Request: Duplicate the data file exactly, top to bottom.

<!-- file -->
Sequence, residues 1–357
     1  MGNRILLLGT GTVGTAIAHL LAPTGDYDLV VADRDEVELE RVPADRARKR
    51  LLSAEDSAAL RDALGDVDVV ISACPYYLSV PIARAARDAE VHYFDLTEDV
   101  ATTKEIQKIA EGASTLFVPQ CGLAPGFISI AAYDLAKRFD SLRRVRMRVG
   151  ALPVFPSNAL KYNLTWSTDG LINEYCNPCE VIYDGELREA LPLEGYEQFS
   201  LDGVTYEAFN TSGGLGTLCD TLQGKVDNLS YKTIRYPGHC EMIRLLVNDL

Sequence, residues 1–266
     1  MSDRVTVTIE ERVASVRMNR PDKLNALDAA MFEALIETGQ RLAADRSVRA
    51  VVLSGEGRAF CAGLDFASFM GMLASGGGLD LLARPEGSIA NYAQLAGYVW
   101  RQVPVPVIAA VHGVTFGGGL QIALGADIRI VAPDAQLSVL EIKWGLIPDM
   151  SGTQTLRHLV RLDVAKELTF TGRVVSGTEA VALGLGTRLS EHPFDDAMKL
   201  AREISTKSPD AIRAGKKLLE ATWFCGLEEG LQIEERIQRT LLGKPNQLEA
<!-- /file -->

Sequence, residues 1–357
     1  MGNRILLLGT GTVGTAIAHL LAPTGDYDLV VADRDEVELE RVPADRARKR
    51  LLSAEDSAAL RDALGDVDVV ISACPYYLSV PIARAARDAE VHYFDLTEDV
   101  ATTKEIQKIA EGASTLFVPQ CGLAPGFISI AAYDLAKRFD SLRRVRMRVG
   151  ALPVFPSNAL KYNLTWSTDG LINEYCNPCE VIYDGELREA LPLEGYEQFS
   201  LDGVTYEAFN TSGGLGTLCD TLQGKVDNLS YKTIRYPGHC EMIRLLVNDL

Sequence, residues 1–266
     1  MSDRVTVTIE ERVASVRMNR PDKLNALDAA MFEALIETGQ RLAADRSVRA
    51  VVLSGEGRAF CAGLDFASFM GMLASGGGLD LLARPEGSIA NYAQLAGYVW
   101  RQVPVPVIAA VHGVTFGGGL QIALGADIRI VAPDAQLSVL EIKWGLIPDM
   151  SGTQTLRHLV RLDVAKELTF TGRVVSGTEA VALGLGTRLS EHPFDDAMKL
   201  AREISTKSPD AIRAGKKLLE ATWFCGLEEG LQIEERIQRT LLGKPNQLEA